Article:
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Unformatted text preview: Mozart, Piano Sonata
in C major, K. 545,
third movement (1788) Brahms, String Sextet
in G major, op. 36, ﬁrst
movement (1866) music. Or put another way, it highlights only what Locatelli has in common with RimskyKorsakov. Walther, following the lead of Andreas Werckmeister (1645–1706),3 looked at
clausulae more melodically, as was then the norm. For him, each of the four voices performed its own clausula, participating as an integral part in the “perfection” of the whole.
The soprano performed the discant clausula, the alto performed the alto clausula, the tenor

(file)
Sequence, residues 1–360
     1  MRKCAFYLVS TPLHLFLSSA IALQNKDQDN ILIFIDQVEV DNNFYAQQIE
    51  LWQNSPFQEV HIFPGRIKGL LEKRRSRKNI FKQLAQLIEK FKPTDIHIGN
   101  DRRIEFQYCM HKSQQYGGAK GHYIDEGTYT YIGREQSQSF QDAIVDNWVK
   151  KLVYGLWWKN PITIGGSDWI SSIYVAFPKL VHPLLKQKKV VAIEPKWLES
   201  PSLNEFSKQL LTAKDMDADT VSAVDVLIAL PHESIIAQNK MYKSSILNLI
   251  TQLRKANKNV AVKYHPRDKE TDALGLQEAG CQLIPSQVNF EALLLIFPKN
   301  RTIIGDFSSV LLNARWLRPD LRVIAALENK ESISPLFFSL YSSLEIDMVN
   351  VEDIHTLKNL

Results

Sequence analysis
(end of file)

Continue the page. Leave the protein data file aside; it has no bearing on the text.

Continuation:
performed the tenor clausula, and the bass performed the bass clausula:4
e x . 1 1. 2 2
?2 A version of Walther’s four melodic clausulae XXE
w X E.
w E X Soprano Tenor
Bass Al t o w
w Any of these melodic clausulae could appear in the bass voice or part. Walther reserved
the term clausula perfectissima for cadences where the normal bass performed the bass
clausula ( – ). If the discant clausula ( – ) was performed by the lowest voice, he named
the resulting cadence a clausula cantizans (“a cantus- or soprano-like clausula”); if the
tenor clausula ( – ) appeared in the lowest voice, he named the resulting cadence a clausula tenorizans (“a tenor-like clausula”); and if the alto clausula ( – ) was played by the
lowest voice, he named the resulting cadence a clausula altizans (“an alto-like clausula”).
Walther’s treatise was, after all, written in the era of ﬁgured bass and partimenti. It drew
attention to speciﬁc patterns in the bass that could help a young accompanist recognize the Gjerdingen, Music in the Galant Style, 140
(after Johann Gottfried Walther, friend of J. S. Bach) ...
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